Speak N’ Eye never seem to mind if their tracks get woozy with rippling patterns reverberating out into space, warping one’s sense of distance and time. (Another recurring theme seems to be “hitting the Calumet,” referring both to the ceremonial peace pipe of the Native Americans and slang for smoking weed.)
The new record is produced and mixed by Baltimore underground hip-hop artist Height Keech. Local MCs OG Spliff and Grant Livesay make guest appearances on the record as well, as do others from outside the region. Though still thoroughly psychedelic, Cypher At the Gates of Dawn might be a little more rooted in beats and grooves. Brookshire said the recording of Cypher At the Gates of Dawn was a little like an elaborate sonic chain letter, with loops and snippets of repeated backing tracks bounced to them from Height Keech. The Brookshires would then rap over those initial ideas, and other collaborators would add additional verses. Then Height Keech would slice and dice, construct beats, building up and carving away the musical backdrop to give more shape and dynamics to the music.
In another little bit of local pride, the second track is called “The Dash,” with what sounds like a slinky guitar line from some vintage Southeast Asian psych-rock nugget. Then, on “Jaws,” there’s a line about hanging “at Little Richard’s in Clemmons,” which, as locals know, is a reference to pulled pork, not to pompadoured rock ‘n’ roll royalty.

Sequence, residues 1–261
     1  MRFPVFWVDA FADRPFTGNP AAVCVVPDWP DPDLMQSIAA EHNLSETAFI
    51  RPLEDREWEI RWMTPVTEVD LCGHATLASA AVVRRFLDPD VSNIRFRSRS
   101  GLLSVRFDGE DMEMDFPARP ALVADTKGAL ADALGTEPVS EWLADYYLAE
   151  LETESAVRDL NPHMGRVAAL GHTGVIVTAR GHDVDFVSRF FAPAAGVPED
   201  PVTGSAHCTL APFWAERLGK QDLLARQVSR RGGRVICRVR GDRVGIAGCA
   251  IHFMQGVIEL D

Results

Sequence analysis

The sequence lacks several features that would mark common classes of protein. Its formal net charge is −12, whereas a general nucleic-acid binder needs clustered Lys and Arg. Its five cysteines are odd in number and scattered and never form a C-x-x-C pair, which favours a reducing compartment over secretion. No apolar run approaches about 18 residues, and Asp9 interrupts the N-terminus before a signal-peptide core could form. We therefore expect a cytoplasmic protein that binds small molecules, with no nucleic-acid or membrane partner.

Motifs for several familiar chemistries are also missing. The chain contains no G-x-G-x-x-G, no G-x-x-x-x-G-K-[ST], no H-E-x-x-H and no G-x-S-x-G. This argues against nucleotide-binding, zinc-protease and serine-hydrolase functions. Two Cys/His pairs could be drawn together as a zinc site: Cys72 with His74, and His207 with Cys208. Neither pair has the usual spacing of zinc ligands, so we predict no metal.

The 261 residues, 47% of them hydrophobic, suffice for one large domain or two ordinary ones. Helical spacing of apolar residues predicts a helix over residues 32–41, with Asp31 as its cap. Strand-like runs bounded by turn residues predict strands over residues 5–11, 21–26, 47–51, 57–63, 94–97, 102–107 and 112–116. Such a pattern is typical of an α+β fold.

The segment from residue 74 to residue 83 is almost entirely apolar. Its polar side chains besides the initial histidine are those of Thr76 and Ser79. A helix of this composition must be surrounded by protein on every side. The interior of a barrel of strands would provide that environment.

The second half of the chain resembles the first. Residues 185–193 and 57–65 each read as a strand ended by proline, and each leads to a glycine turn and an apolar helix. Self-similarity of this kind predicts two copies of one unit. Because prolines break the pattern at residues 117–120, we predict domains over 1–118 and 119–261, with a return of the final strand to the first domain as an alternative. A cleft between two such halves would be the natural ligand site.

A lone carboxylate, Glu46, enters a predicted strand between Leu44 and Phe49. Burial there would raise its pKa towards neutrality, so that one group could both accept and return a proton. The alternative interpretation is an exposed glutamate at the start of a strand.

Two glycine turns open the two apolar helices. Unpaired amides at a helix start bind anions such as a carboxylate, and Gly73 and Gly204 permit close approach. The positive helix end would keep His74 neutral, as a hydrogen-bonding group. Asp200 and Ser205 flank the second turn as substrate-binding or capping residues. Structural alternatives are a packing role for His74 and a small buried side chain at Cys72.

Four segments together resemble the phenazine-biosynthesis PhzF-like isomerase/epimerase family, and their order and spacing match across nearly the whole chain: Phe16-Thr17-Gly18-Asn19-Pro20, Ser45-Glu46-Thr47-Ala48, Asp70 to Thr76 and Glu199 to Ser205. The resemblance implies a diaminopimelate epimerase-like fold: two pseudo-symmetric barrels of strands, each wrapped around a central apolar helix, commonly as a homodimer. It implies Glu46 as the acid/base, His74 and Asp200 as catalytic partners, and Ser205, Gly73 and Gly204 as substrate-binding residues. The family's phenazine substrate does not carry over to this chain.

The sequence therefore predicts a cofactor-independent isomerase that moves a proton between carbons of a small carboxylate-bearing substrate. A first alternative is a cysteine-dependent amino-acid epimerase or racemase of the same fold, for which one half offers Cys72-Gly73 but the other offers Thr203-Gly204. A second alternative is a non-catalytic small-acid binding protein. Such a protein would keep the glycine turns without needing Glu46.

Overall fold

Speak N’ Eye seem to have moved into the infectious shout-along phase of their writing. It’s another way of showing respect for the old school. Their flow has that steady syncopated eighth-note stress, with a little swagger and bombast.
“We’ve matured a little bit,” Brookshire said. “These beats and these rhymes sound a little more professional.”
Hip-hop fans know that the “cypher” in the new record’s title refers to the iconic, informal circle or rappers, dancers, and DJs that form to make the music and riff off of each other’s energy. The title, in typical Speak N’ Eye style, is also a play on Pink Floyd’s classic 1967 record title Piper At the Gates of Dawn.
That giddy mashup aesthetic is part of what Speak N’ Eye is about, with a readiness to tinker with combinations and connections, stitching odds and ends together to see what comes of it, toying with mystical symbolism and an absurdist, slightly baked, junkheap collage vibe.
“Cypher is a circle or a code, a secret code,” said Brookshire, by way of explanation. “A lot of our stuff has a lot of magic occult references to it. A cypher, when you’re smoking weed, is also the circle of homies smoking weed. The acronym for Cypher At the Gates of Dawn is CATGOD, and we thought that was funny.”
John Adamian lives in Winston-Salem, and his writing has appeared in Wired, The Believer, Relix, Arthur, Modern Farmer, the Hartford Courant and numerous other publications.
See Speak N’ Eye at Monstercade, 204 W. Acadia Ave., Winston-Salem, on Wednesday, June 20 at 9 p.m. 336-893-8951. Other performance dates include June 15 at Shiners in Greensboro, June 16 in Asheville for the “All Go West Festival” and June 19 at Bull City Ciderworks in Lexington.